Fig 1 in Illumina’s note indicates that the hypervariable region is 254 bp and the minimum length of amplified region including conserved 5’ and 3’ flanking regions (used for priming) is 291 bp so 2x150 will not be enough to provide 46 bp overlap unless custom primers were used for sequencing. But the figure indicates that standard Illumina sequencing primers were used for sequencing thus the figure is incorrect.
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Old 02-16-2017, 05:37 AM   #5
kmcarr
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Quote:
Originally Posted by Brian Bushnell View Post
For amplicons, my understanding is (and I would appreciate if someone closer to the wet-lab could confirm or deny this) that the molecules being sequenced are laid out like this:

[adapter1][barcode1][more adapter1][sequencing primer1][pcr primer1] actual genomic sequence [pcr primer2][sequencing primer2][more adapter2][barcode2][adapter2]

The sequencing primers are not (usually) part of the read, unless you are using staggered variable-length primers to increase library diversity, but in that case only a few bp of it get sequenced. The PCR primers are always part of the read. I think that whether the PCR primers are genomic or synthetic depends on the process; I've never really gotten a conclusive answer on that.
It is not always the case that the PCR primers are part of the read. In the two most cited 16S-V4 protocols (Caporaso & Knight, Kozich & Schloss) custom sequencing primers which match the target specific PCR primer are added to the MiSeq run. This results in read data which starts immediately after the 3' ends of the PCR primers so there is no PCR primer sequence to trim from your reads, and hence no wasted sequence.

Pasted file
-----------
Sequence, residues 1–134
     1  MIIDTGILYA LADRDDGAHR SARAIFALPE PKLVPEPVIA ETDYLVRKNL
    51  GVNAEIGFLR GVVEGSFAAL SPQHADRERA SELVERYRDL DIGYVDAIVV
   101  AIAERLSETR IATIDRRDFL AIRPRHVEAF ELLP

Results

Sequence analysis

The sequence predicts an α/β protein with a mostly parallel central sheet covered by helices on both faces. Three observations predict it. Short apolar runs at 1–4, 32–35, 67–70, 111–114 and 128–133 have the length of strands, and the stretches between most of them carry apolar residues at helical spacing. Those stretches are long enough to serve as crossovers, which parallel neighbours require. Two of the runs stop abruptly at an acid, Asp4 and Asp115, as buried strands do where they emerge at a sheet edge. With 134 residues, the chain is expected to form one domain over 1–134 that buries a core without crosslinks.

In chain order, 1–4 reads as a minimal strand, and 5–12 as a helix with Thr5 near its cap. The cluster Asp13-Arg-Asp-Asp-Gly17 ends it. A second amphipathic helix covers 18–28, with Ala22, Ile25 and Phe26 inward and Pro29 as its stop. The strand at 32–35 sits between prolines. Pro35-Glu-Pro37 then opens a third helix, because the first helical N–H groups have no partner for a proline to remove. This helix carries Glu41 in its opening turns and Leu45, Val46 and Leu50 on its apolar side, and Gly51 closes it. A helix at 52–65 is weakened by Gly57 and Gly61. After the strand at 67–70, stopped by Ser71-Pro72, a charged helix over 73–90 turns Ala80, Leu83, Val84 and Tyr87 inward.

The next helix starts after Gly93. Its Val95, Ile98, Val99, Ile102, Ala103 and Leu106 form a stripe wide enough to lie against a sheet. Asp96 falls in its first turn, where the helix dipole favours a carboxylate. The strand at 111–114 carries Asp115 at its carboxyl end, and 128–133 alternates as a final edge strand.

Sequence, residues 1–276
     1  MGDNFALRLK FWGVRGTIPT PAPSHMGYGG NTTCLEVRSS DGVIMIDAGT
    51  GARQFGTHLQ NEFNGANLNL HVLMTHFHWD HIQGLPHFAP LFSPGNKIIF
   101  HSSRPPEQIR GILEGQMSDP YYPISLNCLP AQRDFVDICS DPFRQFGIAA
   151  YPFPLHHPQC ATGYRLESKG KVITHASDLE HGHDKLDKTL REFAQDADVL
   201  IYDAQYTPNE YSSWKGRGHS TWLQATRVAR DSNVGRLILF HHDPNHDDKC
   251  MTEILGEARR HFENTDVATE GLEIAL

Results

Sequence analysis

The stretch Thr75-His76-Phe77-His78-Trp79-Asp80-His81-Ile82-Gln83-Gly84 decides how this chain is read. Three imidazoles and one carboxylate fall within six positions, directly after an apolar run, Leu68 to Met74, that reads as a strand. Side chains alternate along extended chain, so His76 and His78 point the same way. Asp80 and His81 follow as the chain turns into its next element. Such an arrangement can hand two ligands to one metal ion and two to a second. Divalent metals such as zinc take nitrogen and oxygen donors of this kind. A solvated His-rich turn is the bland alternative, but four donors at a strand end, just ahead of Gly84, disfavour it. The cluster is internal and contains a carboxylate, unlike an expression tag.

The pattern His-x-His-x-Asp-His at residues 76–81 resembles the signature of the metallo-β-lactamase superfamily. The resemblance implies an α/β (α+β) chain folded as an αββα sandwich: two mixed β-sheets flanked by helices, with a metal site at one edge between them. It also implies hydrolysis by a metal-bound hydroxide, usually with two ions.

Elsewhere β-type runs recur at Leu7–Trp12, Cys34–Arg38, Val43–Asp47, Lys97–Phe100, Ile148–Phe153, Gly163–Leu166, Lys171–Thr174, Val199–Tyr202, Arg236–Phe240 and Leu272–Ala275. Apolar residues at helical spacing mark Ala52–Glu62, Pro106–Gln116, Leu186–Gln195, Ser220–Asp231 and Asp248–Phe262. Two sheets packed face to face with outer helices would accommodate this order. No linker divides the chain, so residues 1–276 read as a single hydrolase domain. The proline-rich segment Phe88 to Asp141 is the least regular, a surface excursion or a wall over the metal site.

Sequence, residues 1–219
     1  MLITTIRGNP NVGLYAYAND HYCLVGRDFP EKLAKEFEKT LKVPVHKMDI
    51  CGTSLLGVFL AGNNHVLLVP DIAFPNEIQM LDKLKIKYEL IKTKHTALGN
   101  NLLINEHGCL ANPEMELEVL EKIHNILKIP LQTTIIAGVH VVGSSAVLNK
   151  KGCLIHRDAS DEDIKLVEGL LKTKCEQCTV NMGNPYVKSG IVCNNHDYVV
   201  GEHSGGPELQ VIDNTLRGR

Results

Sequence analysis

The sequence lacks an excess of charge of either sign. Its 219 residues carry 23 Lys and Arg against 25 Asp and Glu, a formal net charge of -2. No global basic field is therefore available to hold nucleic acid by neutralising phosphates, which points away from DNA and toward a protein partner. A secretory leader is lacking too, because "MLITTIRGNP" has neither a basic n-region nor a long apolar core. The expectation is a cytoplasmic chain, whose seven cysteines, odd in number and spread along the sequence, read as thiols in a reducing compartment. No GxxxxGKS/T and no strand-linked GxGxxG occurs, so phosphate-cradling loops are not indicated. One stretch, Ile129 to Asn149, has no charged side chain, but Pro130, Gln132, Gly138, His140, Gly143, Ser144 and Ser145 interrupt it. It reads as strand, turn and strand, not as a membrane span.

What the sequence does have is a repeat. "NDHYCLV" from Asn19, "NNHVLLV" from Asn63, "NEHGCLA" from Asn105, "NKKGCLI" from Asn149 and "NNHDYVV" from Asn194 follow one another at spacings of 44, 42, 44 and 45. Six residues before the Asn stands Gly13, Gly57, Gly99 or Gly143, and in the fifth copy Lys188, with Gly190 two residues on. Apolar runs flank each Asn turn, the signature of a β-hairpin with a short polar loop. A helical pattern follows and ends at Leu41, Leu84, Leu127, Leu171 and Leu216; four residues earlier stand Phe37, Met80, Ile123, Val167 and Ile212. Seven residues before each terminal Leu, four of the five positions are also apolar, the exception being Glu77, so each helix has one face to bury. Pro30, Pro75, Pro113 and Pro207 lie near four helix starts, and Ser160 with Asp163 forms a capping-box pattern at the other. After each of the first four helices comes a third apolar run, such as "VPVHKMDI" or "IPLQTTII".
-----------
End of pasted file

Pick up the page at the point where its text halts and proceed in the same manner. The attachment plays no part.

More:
Caporaso, J. G., Lauber, C. L., Walters, W. A., Berg-Lyons, D., Lozupone, C. A., Turnbaugh, P. J., et al. (2011). Global patterns of 16S rRNA diversity at a depth of millions of sequences per sample. Proceedings of the National Academy of Sciences, 108 Suppl 1, 4516–4522. http://doi.org/10.1073/pnas.1000080107

Kozich, J. J., Westcott, S. L., Baxter, N. T., Highlander, S. K., & Schloss, P. D. (2013). Development of a dual-index sequencing strategy and curation pipeline for analyzing amplicon sequence data on the MiSeq Illumina sequencing platform. Applied and Environmental Microbiology, 79(17), 5112–5120. http://doi.org/10.1128/AEM.01043-13
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Old 02-16-2017, 06:09 AM   #6
Brian Bushnell
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Quote:
Originally Posted by kmcarr View Post
In the two most cited 16S-V4 protocols (Caporaso & Knight, Kozich & Schloss) custom sequencing primers which match the target specific PCR primer are added to the MiSeq run. This results in read data which starts immediately after the 3' ends of the PCR primers so there is no PCR primer sequence to trim from your reads, and hence no wasted sequence.
Oh, that's clever. I wonder if that caused some compromises that limit the diversity of organisms that will amplify? I guess I need to read the papers